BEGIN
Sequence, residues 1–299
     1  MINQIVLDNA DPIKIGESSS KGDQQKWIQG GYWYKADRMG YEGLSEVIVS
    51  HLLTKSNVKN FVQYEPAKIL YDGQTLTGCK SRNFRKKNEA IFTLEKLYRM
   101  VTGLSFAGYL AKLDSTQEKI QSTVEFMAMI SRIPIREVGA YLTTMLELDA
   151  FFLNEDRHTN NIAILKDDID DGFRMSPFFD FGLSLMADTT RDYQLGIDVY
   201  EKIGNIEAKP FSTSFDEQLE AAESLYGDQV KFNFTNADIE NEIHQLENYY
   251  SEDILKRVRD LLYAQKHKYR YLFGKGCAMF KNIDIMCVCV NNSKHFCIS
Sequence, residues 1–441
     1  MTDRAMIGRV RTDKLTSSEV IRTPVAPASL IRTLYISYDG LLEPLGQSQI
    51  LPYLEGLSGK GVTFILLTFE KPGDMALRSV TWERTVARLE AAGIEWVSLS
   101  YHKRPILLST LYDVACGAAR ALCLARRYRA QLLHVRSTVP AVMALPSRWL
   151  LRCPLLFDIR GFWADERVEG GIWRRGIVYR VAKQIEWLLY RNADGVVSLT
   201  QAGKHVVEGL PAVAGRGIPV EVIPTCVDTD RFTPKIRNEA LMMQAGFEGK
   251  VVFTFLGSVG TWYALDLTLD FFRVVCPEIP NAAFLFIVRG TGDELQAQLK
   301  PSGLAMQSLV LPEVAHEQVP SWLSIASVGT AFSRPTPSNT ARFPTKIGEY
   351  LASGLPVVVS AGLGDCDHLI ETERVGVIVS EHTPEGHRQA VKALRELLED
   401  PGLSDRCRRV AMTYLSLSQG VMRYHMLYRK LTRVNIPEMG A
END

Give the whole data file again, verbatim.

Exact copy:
Sequence, residues 1–299
     1  MINQIVLDNA DPIKIGESSS KGDQQKWIQG GYWYKADRMG YEGLSEVIVS
    51  HLLTKSNVKN FVQYEPAKIL YDGQTLTGCK SRNFRKKNEA IFTLEKLYRM
   101  VTGLSFAGYL AKLDSTQEKI QSTVEFMAMI SRIPIREVGA YLTTMLELDA
   151  FFLNEDRHTN NIAILKDDID DGFRMSPFFD FGLSLMADTT RDYQLGIDVY
   201  EKIGNIEAKP FSTSFDEQLE AAESLYGDQV KFNFTNADIE NEIHQLENYY
   251  SEDILKRVRD LLYAQKHKYR YLFGKGCAMF KNIDIMCVCV NNSKHFCIS
Sequence, residues 1–441
     1  MTDRAMIGRV RTDKLTSSEV IRTPVAPASL IRTLYISYDG LLEPLGQSQI
    51  LPYLEGLSGK GVTFILLTFE KPGDMALRSV TWERTVARLE AAGIEWVSLS
   101  YHKRPILLST LYDVACGAAR ALCLARRYRA QLLHVRSTVP AVMALPSRWL
   151  LRCPLLFDIR GFWADERVEG GIWRRGIVYR VAKQIEWLLY RNADGVVSLT
   201  QAGKHVVEGL PAVAGRGIPV EVIPTCVDTD RFTPKIRNEA LMMQAGFEGK
   251  VVFTFLGSVG TWYALDLTLD FFRVVCPEIP NAAFLFIVRG TGDELQAQLK
   301  PSGLAMQSLV LPEVAHEQVP SWLSIASVGT AFSRPTPSNT ARFPTKIGEY
   351  LASGLPVVVS AGLGDCDHLI ETERVGVIVS EHTPEGHRQA VKALRELLED
   401  PGLSDRCRRV AMTYLSLSQG VMRYHMLYRK LTRVNIPEMG A